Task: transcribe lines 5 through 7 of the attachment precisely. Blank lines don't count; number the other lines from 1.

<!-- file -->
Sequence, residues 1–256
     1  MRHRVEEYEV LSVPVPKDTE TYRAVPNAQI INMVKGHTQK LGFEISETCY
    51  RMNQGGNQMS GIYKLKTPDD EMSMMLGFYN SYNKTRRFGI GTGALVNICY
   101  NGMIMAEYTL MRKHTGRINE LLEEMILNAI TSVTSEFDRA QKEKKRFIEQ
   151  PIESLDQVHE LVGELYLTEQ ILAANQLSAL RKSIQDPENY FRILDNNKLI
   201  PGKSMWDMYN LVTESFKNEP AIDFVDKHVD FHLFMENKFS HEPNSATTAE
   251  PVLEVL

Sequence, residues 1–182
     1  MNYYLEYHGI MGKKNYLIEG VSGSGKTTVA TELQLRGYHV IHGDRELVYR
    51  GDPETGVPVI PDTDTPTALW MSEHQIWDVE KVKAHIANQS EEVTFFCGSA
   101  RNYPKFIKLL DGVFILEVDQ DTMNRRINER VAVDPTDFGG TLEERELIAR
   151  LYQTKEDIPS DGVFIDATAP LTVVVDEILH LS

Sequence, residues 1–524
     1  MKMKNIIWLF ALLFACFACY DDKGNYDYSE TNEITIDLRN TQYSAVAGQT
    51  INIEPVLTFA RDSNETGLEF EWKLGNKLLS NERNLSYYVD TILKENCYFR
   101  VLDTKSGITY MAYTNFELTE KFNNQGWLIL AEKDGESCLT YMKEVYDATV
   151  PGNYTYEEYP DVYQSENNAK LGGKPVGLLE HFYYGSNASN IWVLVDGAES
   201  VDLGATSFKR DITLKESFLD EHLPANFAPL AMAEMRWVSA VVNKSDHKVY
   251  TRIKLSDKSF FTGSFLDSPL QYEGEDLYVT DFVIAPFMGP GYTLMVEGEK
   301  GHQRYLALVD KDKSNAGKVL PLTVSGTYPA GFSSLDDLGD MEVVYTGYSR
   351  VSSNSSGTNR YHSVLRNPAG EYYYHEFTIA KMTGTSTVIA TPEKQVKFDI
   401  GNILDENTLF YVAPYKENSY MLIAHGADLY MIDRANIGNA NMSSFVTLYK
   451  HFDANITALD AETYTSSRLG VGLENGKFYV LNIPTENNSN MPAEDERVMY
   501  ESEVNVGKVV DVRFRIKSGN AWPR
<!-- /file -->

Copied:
   151  PIESLDQVHE LVGELYLTEQ ILAANQLSAL RKSIQDPENY FRILDNNKLI
   201  PGKSMWDMYN LVTESFKNEP AIDFVDKHVD FHLFMENKFS HEPNSATTAE
   251  PVLEVL